Windows Server 2016 – Docker memory and cpu parameters

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The following docker parameters help you specify how much memory and cpu cycles the container is permitted to use. -c cpu shares, a value from 0 to 1024 (relative weight –cpuset-cpus=”” Allow execution in CPUs (0-3, 0, 1) –cpuset-mems=”” Memory nodes in which to allow execution. Only on NUMA systems (0-3, 0, 1) –cpu-quota=0 Limit the CPU CFS quota -m Memory limit. Integer number and the unit can be b, k, m or g –memory-swap=”” Total memory, memory and swap. –memory-reservation=”” Memory soft limit – the host retains this memory for the container More information on runtime constraints on…

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Windows Server 2016 – Docker create and remove data volume

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You can create a volume for a container if you want the data to be available across containers. Even if you delete the container, the data volume will remain on the container host. Create a new volume volume create my-vol Find information about the volume you created docker volume inspect my-vol Then run the container docker run -d –name test –mount source=my-vol,target=c:\data microsoft/nanoserver the directory data in the container must exist. check the information for the container. Look for the mounts section. docker inspect test   If you want to…

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Windows Server 2016 – Docker manage network

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Display a list of all the container networks docker network ls Create a transparent network, instead of using NAT docker network create -d transparent trans More information about docker network create here. Run a container with the transparent network docker run -it –network=trans microsoft/nanoserver powershell To use port-mapping add the -p docker run -it -p 8080:80 microsoft/nanoserver powershell # Map TCP port 80 in the container to port 8080 on the Docker host. More information about docker and networking here.   Windows Server 2016 – Docker manage network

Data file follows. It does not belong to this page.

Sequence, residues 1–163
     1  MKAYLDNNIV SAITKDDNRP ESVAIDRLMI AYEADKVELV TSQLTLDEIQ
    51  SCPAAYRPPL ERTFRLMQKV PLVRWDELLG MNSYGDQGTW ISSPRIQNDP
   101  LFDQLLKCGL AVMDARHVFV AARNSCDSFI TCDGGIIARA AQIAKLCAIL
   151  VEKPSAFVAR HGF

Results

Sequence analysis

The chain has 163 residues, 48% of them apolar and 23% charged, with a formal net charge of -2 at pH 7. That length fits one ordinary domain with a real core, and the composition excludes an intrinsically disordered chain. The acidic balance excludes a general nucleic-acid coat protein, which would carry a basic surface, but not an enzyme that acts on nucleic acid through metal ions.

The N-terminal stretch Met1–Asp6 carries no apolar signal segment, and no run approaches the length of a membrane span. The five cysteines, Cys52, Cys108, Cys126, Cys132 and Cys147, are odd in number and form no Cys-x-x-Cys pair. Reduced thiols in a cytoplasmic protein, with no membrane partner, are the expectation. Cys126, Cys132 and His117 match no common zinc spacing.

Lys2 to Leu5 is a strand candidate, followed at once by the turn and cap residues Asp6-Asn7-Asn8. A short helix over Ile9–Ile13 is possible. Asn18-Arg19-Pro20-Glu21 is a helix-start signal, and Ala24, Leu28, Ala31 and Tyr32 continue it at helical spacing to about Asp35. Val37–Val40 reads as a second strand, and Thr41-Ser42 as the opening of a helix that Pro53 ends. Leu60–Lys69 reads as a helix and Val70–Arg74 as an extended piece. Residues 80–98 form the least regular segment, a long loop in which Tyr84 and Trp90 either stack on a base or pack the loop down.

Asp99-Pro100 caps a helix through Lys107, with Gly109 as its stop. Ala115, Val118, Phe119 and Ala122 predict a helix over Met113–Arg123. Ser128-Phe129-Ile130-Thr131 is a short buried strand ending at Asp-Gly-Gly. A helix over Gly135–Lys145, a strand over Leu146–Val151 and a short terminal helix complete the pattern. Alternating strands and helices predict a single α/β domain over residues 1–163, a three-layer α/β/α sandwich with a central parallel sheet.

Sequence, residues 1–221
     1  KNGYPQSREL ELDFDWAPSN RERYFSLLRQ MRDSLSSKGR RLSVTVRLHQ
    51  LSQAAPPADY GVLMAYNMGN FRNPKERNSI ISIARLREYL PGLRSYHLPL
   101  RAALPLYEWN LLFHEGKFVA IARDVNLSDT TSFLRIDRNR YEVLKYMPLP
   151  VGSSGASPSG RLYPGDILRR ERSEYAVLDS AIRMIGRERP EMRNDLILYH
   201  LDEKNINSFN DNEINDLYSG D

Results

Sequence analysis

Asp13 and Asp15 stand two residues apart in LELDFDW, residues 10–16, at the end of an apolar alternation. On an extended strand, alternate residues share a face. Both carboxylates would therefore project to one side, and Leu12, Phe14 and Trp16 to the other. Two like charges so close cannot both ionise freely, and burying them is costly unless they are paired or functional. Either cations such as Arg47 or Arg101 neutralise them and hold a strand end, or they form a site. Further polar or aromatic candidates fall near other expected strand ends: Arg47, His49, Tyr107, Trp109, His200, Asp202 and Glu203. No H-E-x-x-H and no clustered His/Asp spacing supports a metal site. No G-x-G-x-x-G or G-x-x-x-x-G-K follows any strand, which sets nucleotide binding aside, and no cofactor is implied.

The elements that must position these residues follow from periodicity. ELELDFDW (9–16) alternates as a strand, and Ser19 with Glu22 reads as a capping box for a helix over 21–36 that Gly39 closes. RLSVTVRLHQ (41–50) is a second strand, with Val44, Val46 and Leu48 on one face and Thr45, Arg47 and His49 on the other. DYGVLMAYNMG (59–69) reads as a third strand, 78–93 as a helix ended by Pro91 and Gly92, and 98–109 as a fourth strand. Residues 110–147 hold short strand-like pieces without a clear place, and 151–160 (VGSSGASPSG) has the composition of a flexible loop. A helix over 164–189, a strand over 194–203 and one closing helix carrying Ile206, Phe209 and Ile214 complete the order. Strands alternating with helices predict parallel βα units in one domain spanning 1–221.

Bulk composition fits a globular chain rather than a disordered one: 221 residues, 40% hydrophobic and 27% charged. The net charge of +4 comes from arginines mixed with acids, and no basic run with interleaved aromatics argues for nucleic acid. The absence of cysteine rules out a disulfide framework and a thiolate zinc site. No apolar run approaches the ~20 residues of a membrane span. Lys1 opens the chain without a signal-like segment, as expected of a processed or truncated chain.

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Windows Server 2016 – Manage Docker with PowerShell cmdlets

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If you haven’t configured PowerShell with docker cmdlets, then read this post. List Containers get-container   Start and Stop container start-container containerID stop-container containerID   Attach to Container enter-containerSession containerID   Remove Container remove-container containerID   Windows Server 2016 – Manage Docker with PowerShell cmdlets

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